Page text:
In this paper we extend the "network theory of aging," and we argue that a global reduction in the capacity to cope with a variety of stressors and a concomitant progressive increase in proinflammatory status are major characteristics of the aging process. This phenomenon, which we will refer to as "inflamm-aging," is provoked by a continuous antigenic load and stress. On the basis of evolutionary studies, we also argue that the immune and the stress responses are equivalent and that antigens are nothing other than particular types of stressors. We also propose to return macrophage to its rightful place as central actor not only in the inflammatory response and immunity, but also in the stress response. The rate of reaching the threshold of proinflammatory status over which diseases/disabilities ensue and the individual capacity to cope with and adapt to stressors are assumed to be complex traits with a genetic component. Finally, we argue that the persistence of inflammatory stimuli over time represents the biologic background (first hit) favoring the susceptibility to age-related diseases/disabilities. A second hit (absence of robust gene variants and/or presence of frail gene variants) is likely necessary to develop overt organ-specific age-related diseases having an inflammatory pathogenesis, such as atherosclerosis, Alzheimer's disease, osteoporosis, and diabetes. Following this perspective, several paradoxes of healthy centenarians (increase of plasma levels of inflammatory cytokines, acute phase proteins, and coagulation factors) are illustrated and explained. In conclusion, the beneficial effects of inflammation devoted to the neutralization of dangerous/harmful agents early in life and in adulthood become detrimental late in life in a period largely not foreseen by evolution, according to the antagonistic pleiotropy theory of aging.
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              Cancer epigenetics comes of age.

              The discovery of numerous hypermethylated promoters of tumour-suppressor genes, along with a better understanding of gene-silencing mechanisms, has moved DNA methylation from obscurity to recognition as an alternative mechanism of tumour-suppressor inactivation in cancer. Epigenetic events can also facilitate genetic damage, as illustrated by the increased mutagenicity of 5-methylcytosine and the silencing of the MLH1 mismatch repair gene by DNA methylation in colorectal tumours. We review here current mechanistic understanding of the role of DNA methylation in malignant transformation, and suggest Knudson's two-hit hypothesis should now be expanded to include epigenetic mechanisms of gene inactivation.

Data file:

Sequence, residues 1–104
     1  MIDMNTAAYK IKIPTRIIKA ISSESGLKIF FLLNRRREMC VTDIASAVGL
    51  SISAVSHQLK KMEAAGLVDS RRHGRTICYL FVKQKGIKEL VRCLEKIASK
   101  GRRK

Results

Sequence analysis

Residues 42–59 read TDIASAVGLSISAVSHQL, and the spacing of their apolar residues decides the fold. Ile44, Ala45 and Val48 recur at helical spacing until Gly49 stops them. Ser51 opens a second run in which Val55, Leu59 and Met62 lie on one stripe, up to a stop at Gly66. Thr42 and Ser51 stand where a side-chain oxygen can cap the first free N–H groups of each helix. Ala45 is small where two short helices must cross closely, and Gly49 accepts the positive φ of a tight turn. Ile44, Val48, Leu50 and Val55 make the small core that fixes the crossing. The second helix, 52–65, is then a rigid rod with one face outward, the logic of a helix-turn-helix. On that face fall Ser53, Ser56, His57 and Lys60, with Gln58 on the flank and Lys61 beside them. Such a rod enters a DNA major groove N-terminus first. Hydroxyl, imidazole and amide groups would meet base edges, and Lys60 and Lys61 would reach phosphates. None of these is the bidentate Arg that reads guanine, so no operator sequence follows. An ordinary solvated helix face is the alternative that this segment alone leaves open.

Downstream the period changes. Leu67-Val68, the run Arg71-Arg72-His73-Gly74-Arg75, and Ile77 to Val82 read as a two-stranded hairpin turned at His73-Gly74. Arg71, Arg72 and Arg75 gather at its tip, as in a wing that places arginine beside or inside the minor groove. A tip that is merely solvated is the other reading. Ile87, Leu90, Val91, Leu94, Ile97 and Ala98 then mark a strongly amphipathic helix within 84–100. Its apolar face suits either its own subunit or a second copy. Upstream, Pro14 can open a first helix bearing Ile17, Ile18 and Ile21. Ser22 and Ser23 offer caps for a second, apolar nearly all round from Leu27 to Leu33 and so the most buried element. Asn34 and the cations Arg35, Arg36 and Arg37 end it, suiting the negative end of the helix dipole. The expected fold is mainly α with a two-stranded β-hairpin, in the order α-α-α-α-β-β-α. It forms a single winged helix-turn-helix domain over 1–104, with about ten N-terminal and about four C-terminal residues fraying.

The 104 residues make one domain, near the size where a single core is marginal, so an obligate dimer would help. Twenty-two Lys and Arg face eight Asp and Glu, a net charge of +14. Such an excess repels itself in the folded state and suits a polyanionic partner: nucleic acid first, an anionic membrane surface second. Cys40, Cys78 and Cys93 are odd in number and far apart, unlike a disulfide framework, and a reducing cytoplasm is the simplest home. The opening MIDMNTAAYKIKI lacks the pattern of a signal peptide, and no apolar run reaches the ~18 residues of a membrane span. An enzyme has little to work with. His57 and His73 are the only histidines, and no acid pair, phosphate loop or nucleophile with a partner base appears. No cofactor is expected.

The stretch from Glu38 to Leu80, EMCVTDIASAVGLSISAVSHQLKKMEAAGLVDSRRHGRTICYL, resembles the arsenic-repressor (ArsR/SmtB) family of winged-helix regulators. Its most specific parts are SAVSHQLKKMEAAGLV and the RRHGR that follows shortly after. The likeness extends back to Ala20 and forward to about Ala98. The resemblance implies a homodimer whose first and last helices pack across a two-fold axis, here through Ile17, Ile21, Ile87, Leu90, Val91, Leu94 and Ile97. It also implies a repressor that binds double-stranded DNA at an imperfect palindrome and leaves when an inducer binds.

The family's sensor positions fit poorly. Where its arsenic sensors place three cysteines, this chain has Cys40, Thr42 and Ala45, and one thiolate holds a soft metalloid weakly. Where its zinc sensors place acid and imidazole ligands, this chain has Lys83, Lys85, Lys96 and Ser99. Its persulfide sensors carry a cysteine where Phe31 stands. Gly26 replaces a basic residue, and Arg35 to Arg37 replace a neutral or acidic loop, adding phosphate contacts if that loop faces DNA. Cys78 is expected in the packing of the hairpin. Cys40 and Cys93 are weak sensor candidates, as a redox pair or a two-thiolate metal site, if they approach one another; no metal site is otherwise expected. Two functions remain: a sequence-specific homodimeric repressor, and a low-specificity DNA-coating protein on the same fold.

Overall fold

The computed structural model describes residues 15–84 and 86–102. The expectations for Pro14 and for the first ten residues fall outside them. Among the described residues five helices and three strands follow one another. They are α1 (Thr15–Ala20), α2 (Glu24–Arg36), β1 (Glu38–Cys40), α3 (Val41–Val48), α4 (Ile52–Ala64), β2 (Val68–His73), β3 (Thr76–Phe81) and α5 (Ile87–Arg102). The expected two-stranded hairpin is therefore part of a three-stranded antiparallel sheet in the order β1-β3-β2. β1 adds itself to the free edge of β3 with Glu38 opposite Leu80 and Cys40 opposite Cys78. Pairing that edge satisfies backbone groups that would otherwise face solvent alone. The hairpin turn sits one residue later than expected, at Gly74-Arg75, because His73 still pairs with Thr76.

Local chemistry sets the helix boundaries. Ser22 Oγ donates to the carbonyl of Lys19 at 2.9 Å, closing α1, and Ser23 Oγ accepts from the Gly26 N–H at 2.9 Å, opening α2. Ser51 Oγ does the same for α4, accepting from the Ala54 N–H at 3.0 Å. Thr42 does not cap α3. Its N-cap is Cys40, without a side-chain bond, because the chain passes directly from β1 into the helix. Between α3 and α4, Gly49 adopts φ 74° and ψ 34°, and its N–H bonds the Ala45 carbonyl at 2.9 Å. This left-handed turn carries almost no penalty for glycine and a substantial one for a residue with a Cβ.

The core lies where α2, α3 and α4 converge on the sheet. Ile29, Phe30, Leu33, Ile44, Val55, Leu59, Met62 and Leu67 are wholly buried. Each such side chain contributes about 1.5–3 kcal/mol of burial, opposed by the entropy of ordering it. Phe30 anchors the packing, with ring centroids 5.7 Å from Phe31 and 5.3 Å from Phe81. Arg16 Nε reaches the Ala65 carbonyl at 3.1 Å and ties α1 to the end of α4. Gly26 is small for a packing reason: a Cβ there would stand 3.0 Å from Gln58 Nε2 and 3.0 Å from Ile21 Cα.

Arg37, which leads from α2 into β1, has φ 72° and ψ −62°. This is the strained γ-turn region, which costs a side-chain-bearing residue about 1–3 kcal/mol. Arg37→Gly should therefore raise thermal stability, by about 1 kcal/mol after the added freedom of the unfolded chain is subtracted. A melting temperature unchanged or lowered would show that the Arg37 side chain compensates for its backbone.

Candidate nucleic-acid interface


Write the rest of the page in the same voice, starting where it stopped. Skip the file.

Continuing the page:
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                Author and article information

                Contributors
                Role: Academic Editor
                Journal
                PLoS Biol
                pbio
                PLoS Biology
                Public Library of Science (San Francisco, USA )
                1544-9173
                1545-7885
                August 2007
                24 July 2007
                : 5
                : 8
                Affiliations
                [1 ] Program for Cell and Molecular Biology , Baylor College of Medicine, Houston, Texas, United States of America
                [2 ] Stem Cells and Regenerative Medicine Center , Baylor College of Medicine, Houston, Texas, United States of America
                [3 ] Department of Molecular & Human Genetics, Baylor College of Medicine, Houston, Texas, United States of America
                [4 ] Department of Virology and Microbiology, Baylor College of Medicine, Houston, Texas, United States of America
                [5 ] Department of Molecular and Cellular Biology, Baylor College of Medicine, Houston, Texas, United States of America
                [6 ] Department of Pediatrics, Baylor College of Medicine, Houston, Texas, United States of America
                The Salk Institute, United States of America
                Author notes
                * To whom correspondence should be addressed. E-mail: goodell@ 123456bcm.edu
                Article
                06-PLBI-RA-2319R2 plbi-05-08-05
                10.1371/journal.pbio.0050201
                1925137
                17676974
                Copyright: © 2007 Chambers et al. This is an open-access article distributed under the terms of the Creative Commons Attribution License, which permits unrestricted use, distribution, and reproduction in any medium, provided the original author and source are credited.
                Page count
                Pages: 13
                Categories
                Research Article
                Cell Biology
                Hematology
                Immunology
                Mus (Mouse)
                Custom metadata
                Chambers SM, Shaw CA, Gatza C, Fisk CJ, Donehower LA, et al. (2007) Aging hematopoietic stem cells decline in function and exhibit epigenetic dysregulation. PLoS Biol 5(8): e201. doi: 10.1371/journal.pbio.0050201

                Life sciences